But it was that very Roman Empire that had put Jesus to death as a criminal against the state. Surely, these ex-soldiers and the other Roman citizens in the church at Philippi had to wonder if they were doing the right thing in declaring themselves followers of Jesus the Nazarene. Were they dishonoring Rome? Was being a Christian worth the risk of what they would lose in status and rights as Roman citizens?
Then they get this letter from Paul with greetings from active duty Roman soldiers who are in the palace of Caesar himself. A plum job for a soldier and yet these soldiers risked everything to pledge their lives to a greater King, one who gave his life to set them free.
I think that probably put steel in the backbone of the Christians in Philippi.
While I might not have thought a simple greeting was life changing, I’m betting this one was for those in Philippi who had been questioning whether they had made a good decision in following Jesus Christ. With Paul and the Roman soldiers who were within easy reach of Caesar’s ire willing to live dangerous lives of passion for Jesus, how could the Philippians give up?
Suddenly Philippians 4:22 seemed a lot more significant than I thought it was. That is because I was no longer reading it with the eyes of a twenty-first century Westerner, but those of a first century Philippian.
But I was still left with the question of whether Philippians 4:22 had any relevance for me. I don’t live under Roman rule. I’m not particularly beholden to one political leader, as they were to Caesar. I most likely won’t be imprisoned for being a follower of Jesus, although for many people in the world today that is a very real possibility.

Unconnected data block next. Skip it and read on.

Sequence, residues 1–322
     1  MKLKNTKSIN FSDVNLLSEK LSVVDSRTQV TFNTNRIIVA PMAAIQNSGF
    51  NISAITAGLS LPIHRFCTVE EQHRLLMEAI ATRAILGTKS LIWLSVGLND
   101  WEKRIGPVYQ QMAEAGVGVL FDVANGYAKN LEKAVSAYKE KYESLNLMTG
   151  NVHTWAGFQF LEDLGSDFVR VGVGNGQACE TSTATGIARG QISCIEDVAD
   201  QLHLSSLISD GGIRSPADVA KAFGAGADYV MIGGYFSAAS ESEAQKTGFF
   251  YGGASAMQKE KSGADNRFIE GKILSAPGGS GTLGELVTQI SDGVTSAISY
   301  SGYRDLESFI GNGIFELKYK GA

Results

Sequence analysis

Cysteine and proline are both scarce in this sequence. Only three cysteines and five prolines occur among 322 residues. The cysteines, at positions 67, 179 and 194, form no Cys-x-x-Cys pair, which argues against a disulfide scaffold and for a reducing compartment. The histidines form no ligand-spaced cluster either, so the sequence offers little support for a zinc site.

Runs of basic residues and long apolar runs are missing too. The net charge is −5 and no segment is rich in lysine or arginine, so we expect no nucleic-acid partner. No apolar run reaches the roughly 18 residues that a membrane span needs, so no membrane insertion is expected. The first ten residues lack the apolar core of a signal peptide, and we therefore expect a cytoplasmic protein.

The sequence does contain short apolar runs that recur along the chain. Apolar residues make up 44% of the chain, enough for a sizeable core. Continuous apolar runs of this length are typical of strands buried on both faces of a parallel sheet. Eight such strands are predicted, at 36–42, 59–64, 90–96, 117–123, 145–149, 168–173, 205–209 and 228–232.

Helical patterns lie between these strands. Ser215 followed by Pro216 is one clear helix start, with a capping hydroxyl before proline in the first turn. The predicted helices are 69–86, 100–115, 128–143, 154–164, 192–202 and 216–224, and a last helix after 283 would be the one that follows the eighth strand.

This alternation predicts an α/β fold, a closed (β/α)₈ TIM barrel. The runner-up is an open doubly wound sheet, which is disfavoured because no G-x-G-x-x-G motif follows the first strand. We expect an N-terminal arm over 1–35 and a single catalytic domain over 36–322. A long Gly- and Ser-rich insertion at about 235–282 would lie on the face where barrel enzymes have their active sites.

Be that as it may, I still face some of the same questions and fears that the Philippian Christians did. What if “the worst” (whatever I think that is) happens? Am I still willing to cling to Christ as Paul did? Even when things are very, very hard am I willing to put the good of others above my own safety and tell them about what Jesus has done for me and for them, also as Paul did? Am I willing to risk my professional advancement, even my job, if people know that I am a follower of Jesus, like the Roman soldiers in Caesar’s palace did?
I guess it all comes down to, What am I willing to risk losing? And after I’ve lost it, am I willing to keep serving Jesus?
Sometimes we can’t know the answers to those questions with certainty until they actually happens. But I think that if just asking the question raises my heart rate, scares me, then I need to spend some time praying that God would show me his beauty and love and power, so that everything else seems insignificant by comparison.
That’s what gave Paul courage. That’s what gave “those of Caesar’s household” courage, too.
That’s what will give you and me courage.
Here’s some advice from the author of Hebrews.
“[L]et us strip off every weight that slows us down, especially the sin that so easily trips us up. And let us run with endurance the race God has set before us. We do this by keeping our eyes on Jesus, the champion who initiates and perfects our faith. Because of the joy awaiting him, he endured the cross, disregarding its shame. Now he is seated in the place of honor beside God’s throne. Think of all the hostility he endured from sinful people; then you won’t become weary and give up. After all, you have not yet given your lives in your struggle against sin.” (Hebrews 12:1–4, NLT)
Keeping our eyes on Jesus. That’s how we do it. Modeling our lives on his willingness to suffer and endure hardship for what mattered.
Fixing our eyes on Jesus is what breeds courage and passion and downright recklessness.
So now I’m revising my opinion of Philippians 4:22.
It is life changing.
Having new eyes was all it took.